This is The Rivalry. This is The Game.
It's the State Up North. It's Woody and Bo. It's more than football. It's 200 years of antipathy built up between two neighboring states that once fought over the squatting rights to Toledo.
To suggest that it's anything less would be to reject your roots. Blasphemy in its most brazen form. The records aren't supposed to matter. The recent history of the series isn't supposed to matter. What matters is this November, this Saturday, somebody is going to win The Game. And you hope its your side.
That's how it's supposed to be. That's how it was. But even those who believe in the sanctity of the Ohio State-Michigan rivalry with the fervor of a faith-healed tent revivalist have to start wondering where the spice went.
The Buckeyes' 37-7 pummeling of Michigan on Saturday was anticipated. It wasn't supposed to be a game. Ohio State is a top 10 football program one loss in Wisconsin removed from national title contention. Michigan's program has devolved into a one-trick pony, reliant almost solely on whatever magic carpet sophomore quarterback Denard Robinson is capable of weaving.
The win was Ohio State's seventh straight against Michigan, their longest streak in the series, which dates to 1897. Buckeye supporters are quick to point out that it's a lopsided stretch of payback for all the years that the Wolverines swung John Cooper from a noose on the town square.
In Jim Tressel's first six years on the job, when he was matching wits with Lloyd Carr and coming out on top all but one year, it was indeed a reversal of fortune, with Carr playing the role that Cooper had played prior to 2000.
But after Ohio State bested Michigan in a 42-39, No. 1 vs. No. 2 thriller that sent the Buckeyes to the national title game, things started to change. Carr retired a year later and Michigan wooed West Virginia coach Rich Rodriguez to Ann Arbor. Rodriguez promptly began an attempt to revitalize the Michigan football program in a way that you could argue is far more suited for Conference USA than the Big Ten.
Rodriguez is trying to pound the square peg of a gimmicky spread offense into the round hole of what has traditionally succeeded in the cold-climate Big Ten: defense, ball control and a good kicking game. Michigan has none of the above.
No coincidence, since Rodriguez took over in Ann Arbor, Ohio State -- along with much of the rest of college football -- has been beating up on the Wolverines. The Buckeyes have torched Michigan by a combined score of 100-24 in the past three matchups.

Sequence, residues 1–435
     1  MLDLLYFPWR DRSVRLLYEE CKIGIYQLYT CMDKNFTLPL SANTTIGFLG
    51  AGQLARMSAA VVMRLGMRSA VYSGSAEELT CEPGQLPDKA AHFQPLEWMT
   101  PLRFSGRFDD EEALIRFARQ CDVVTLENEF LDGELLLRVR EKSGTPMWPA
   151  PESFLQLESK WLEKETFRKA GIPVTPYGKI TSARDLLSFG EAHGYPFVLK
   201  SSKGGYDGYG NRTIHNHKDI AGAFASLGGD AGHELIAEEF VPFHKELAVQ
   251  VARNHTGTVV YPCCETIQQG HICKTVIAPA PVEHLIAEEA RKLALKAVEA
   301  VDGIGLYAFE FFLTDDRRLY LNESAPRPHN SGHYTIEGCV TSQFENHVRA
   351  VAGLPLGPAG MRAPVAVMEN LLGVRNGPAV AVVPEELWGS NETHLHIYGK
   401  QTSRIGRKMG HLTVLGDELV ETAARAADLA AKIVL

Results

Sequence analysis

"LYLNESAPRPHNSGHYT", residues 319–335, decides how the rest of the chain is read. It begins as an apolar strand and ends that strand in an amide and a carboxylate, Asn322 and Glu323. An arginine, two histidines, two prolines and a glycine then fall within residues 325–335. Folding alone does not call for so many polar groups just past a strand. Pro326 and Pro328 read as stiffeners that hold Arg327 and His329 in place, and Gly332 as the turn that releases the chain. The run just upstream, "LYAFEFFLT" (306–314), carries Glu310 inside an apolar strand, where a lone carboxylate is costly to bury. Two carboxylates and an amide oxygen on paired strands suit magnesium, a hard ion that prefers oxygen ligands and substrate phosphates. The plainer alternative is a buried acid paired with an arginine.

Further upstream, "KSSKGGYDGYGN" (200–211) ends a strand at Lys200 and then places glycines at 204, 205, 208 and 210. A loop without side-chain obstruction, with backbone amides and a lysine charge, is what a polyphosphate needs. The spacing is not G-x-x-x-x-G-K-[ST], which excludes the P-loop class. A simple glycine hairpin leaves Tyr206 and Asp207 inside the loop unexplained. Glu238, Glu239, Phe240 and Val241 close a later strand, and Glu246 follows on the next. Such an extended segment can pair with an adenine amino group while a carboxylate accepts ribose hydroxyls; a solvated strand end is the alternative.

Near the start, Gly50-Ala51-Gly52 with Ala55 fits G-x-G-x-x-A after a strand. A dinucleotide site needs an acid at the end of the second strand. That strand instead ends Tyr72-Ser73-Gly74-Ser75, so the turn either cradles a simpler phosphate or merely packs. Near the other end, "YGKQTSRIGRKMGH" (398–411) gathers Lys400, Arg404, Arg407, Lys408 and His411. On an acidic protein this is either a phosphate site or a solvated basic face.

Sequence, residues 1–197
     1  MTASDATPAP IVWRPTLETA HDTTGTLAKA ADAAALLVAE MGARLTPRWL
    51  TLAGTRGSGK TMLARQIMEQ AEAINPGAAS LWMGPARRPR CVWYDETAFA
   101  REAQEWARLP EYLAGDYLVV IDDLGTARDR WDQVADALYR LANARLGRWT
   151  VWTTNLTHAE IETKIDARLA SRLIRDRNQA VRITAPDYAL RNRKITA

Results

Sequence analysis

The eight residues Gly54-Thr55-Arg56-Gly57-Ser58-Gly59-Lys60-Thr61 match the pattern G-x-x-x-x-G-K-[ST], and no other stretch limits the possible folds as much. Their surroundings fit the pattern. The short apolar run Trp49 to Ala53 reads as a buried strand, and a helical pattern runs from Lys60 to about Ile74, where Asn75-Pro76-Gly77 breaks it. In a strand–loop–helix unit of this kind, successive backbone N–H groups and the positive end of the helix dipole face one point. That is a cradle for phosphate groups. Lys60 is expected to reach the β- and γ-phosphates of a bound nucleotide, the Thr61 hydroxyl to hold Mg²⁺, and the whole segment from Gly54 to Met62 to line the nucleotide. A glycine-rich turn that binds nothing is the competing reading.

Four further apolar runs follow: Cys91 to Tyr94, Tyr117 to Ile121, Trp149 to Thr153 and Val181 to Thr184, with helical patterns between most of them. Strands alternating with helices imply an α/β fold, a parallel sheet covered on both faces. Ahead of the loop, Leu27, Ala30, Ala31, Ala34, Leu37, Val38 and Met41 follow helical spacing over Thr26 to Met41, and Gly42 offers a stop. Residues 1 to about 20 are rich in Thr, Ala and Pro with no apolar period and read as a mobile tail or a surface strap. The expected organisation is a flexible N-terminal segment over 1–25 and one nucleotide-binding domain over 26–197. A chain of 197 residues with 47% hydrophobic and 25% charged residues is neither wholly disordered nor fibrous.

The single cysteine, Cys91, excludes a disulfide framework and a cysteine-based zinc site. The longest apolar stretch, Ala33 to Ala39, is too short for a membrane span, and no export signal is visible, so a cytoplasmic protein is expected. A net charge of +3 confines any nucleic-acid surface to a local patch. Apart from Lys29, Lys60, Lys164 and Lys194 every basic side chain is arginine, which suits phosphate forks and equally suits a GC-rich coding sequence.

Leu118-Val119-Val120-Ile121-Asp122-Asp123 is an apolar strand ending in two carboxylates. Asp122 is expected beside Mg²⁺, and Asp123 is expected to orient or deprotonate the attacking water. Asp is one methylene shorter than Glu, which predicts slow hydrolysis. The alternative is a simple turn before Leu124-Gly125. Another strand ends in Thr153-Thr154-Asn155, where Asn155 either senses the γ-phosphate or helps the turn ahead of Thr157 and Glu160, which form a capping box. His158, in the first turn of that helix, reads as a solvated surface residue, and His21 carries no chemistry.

Even when Michigan was whipping Cooper's Buckeyes around like a rag doll for most of the 1990s, the games were still contests. The largest margin of victory for Michigan over Ohio State during Cooper's tenure was 28 points in 1991. The teams frequently met with bowl implications for both sides.
Now, a 7-5 2010 campaign is an improvement for Michigan, which went 5-7 a year ago. There is nothing for the Wolverines to play for by late November, except the role of spoiler. And against Ohio State's deep, talented squad, that's not enough to force an upset.
Which is why, from the south side of the border, Saturday's game had a very "playing Indiana in mid-October" vibe to it. You show up, you take care of business, you go home. As long as you don't have a colossal brain cramp, you're winning the game. It's just a matter of by how much, and how sharp you look while you're winning.
At some point in the future, if Rodriguez can't make the Wolverines any more competitive than what he's shown in his first three seasons, he'll be fired. And the replacement will assuredly have a background in more traditional Big Ten football. And the Wolverines will rise again.
But even if that happens, it's beginning to look like the Ohio State-Michigan rivalry might be undergoing a permanent redefining. Next year, Ohio State and Michigan will, barring a last-muinute change of heart from the Big Ten front office, be headed to separate divisions.
The game will remain on the calendar as the regular season finale for both teams. But its place on the schedule will be more ceremonial than anything else in the championship-game, Cornhusker-infused Big Ten of 2011 and after.
Gone forever will be the days when the Buckeyes and Wolverines will meet with the conference title on the line. They won't even be able to meet for a division title. Even if they're battling for their respective division titles, The Game might be The Prelude to a Rematch in the Big Ten Championship Game the following week.
The weight of the game will be laregly circumstantial in the coming years. Ohio State's games against division rivals such as Penn State and Wisconsin will have more weight in terms of getting the Buckeyes to the conference title game. Ohio State won't have to worry about a tiebreaker with Michigan.
And this all assumes that Michigan will reclaim its position as a national powerhouse at some point soon, and isn't looking at an extended stay with Purdue and Illinois in the middle of the Big Ten pack.
It will always be The Game. It will always be a border war. But it's not a marquee matchup anymore. And it might never be again -- at least as we've come to know it.
Saturday, November 27, 2010
Tuesday, November 09, 2010
For the past year as fans, we've operated under one unwavering assumption when it comes to the Browns:
Mike Holmgren is the key to success, in the short term and long term. Therefore, the Browns must do whatever is necessary to keep Holmgren in the fold. If that means allowing Holmgren to scratch his still-existent coaching itch on the Browns' sideline, so be it. No matter how much improvement Eric Mangini shows, losing Holmgren to another organization would cancel it out a hundred times over.